Stevie Wonder to be honored MMRF 15th annual fall gala
The Multiple Myeloma Research Foundation will honor music industry icon Stevie Wonder with the MMRF Spirit of Hope Award at the 15th annual MMRF Fall Gala Oct. 29 in Greenwich. The MMRF Spirit of Hope Award is awarded annually to individuals who inspire hope with their perseverance in overcoming personal obstacles.
Wonder, a Motown legend, has recorded more than 30 top 10 hits, won 25 Grammy Awards and an Academy Award for Best Song, been inducted into the Rock and Roll Hall of Fame and the Songwriters Hall of Fame, and was the second recipient of the Library of Congress's Gershwin Prize for Popular Music.
Wonder spearheaded the realization of "Martin Luther King Day" as a national holiday and was designated as a United Nations Messenger of Peace with focus on persons with disabilities. Wonder has actively pursued numerous philanthropic endeavors throughout his illustrious career including recent performances at Hope for Haiti Now: A Global Benefit for Earthquake Relief and Stand Up To Cander.
Multiple myeloma is an incurable blood cancer. The five-year relative survival rate for multiple myeloma is approximately 38 percent, one of the lowest of all cancers. In 2010, more than 20,000 adults in the United States were estimated to be diagnosed with multiple myeloma and approximately 11,000 people died from the disease.
Funds raised by the MMRF have accomplished outstanding achievements such as helping to bring four new myeloma drugs to market, more than doubling the patient life expectancy post-diagnosis around the globe, opening 30 clinical trials 60 percent faster than the industry standard in oncology and sequencing the multiple myeloma genome. The four treatments the MMRF helped bring to market are now standard therapies for patients with multiple myeloma and are being explored as treatments for more than 30 other cancers. The MMRF business model is highly regarded by peer cancer and rare disease organizations as a premier model for accelerating drug development.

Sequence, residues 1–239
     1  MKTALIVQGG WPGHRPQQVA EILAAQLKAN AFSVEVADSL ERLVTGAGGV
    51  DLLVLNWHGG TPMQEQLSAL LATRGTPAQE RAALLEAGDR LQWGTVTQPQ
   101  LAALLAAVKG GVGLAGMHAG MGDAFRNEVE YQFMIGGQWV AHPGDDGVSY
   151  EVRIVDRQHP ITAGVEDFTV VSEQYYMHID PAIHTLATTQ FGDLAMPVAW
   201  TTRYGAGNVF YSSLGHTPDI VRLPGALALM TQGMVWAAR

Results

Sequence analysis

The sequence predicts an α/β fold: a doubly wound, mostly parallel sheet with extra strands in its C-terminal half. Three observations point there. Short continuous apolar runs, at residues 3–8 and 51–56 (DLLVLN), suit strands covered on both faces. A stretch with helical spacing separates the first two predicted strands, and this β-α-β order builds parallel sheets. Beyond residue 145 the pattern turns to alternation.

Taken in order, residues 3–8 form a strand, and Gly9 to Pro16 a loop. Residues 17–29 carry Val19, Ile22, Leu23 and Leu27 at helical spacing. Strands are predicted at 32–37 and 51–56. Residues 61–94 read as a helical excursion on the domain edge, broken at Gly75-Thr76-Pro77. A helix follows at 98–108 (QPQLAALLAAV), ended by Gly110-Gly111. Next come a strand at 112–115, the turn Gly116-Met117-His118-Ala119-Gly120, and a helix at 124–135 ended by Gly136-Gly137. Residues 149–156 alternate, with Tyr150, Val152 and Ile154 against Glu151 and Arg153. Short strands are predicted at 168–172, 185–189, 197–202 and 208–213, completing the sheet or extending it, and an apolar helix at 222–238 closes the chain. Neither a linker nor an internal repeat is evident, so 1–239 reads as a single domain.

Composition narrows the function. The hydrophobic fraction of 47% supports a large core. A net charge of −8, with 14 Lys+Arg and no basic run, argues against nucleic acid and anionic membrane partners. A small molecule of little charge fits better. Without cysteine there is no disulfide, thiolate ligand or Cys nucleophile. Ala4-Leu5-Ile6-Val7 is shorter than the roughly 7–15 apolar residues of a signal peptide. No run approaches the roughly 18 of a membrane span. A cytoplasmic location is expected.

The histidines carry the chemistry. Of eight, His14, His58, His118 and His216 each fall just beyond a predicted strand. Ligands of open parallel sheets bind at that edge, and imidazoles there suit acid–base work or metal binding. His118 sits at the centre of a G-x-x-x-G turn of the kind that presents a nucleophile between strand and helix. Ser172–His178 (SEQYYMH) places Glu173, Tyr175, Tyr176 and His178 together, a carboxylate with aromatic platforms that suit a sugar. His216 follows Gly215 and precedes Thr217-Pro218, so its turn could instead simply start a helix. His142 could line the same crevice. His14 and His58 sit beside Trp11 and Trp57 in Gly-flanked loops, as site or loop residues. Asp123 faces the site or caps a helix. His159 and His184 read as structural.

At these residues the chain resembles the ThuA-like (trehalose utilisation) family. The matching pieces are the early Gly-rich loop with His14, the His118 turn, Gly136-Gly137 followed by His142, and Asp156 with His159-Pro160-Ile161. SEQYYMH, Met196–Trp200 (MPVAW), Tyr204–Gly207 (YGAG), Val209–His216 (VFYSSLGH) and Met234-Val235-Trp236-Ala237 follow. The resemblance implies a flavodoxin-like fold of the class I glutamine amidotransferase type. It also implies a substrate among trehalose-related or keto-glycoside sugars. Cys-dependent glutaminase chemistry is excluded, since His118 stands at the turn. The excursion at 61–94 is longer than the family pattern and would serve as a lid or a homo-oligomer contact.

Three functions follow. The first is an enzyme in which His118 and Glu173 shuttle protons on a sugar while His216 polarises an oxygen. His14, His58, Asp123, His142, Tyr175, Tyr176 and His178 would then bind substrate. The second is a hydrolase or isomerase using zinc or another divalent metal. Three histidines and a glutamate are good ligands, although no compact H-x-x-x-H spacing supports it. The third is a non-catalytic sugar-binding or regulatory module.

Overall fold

Despite the advancements achieved by the MMRF, the five-year survival rate for myeloma remains one of the lowest of all cancers, with some communities harder hit by the disease than others. African-American men and women, for instance, are more than twice as likely to be diagnosed with multiple myeloma than any other racial or ethnic group. The funds raised by the MMRF are critical in continuing to advance research and the progress being made.
"It is an honor to be recognized by the MMRF -- an organization that has helped so many families affected by multiple myeloma," said Wonder, whose first wife, Syreeta Wright, lost her battle with breast cancer. "Cancer has touched someone in all of our lives. It is my hope that, by continuing to raise awareness and research funds through events like this, we can play a role in helping the MMRF to bring patients new treatments that will extend their lives."
Emmy Award-winning broadcast journalist and New York Times best-selling author Deborah Norville, a member of the MMRF Honorary Board of Directors, will join the evening's celebrity lineup by serving as mistress of ceremonies. It is Norville's 10th year in this meaningful role.
"We are overjoyed that Stevie Wonder and Deborah Norville will join us in support of the multiple myeloma patients and families courageously fighting this devastating disease and to stand by our side in our urgent work to bring patients the treatments they need," said Kathy Giusti, founder and CEO of the MMRF and a myeloma patient. "It is with the help of public figures like Stevie and Deborah, who publicly support our efforts to deliver new treatments to patients, that true progress is possible."
The MMRF fall gala is the largest and most prominent fundraising event in Fairfield County. All funds raised will support the development of next-generation treatments for multiple myeloma. To reserve a table, donate an auction item or join the planning committee, email email@example.com or call 888-584-5463.
Multiple Myeloma Research Foundation was established in 1998 as a nonprofit organization by twin sisters Karen Andrews and Kathy Giusti, soon after Kathy's diagnosis with multiple myeloma. The mission of the MMRF is to relentlessly pursue innovative means that accelerate the development of next-generation multiple myeloma treatments to extend the lives of patients and lead to a cure. As the world's number-one private funder of multiple myeloma research, the MMRF has raised over $160 million since its inception to fund nearly 120 laboratories worldwide.
, including 70 new compounds and approaches in clinical trials and pre-clinical studies and has facilitated 30 clinical trials through its affiliate organization, the Multiple Myeloma Research Consortium. As exceptional stewards of its donor's investments, the MMRF consistently surpasses its peers in fiscal responsibility. For more information about the MMRF visit www.themmrf.org.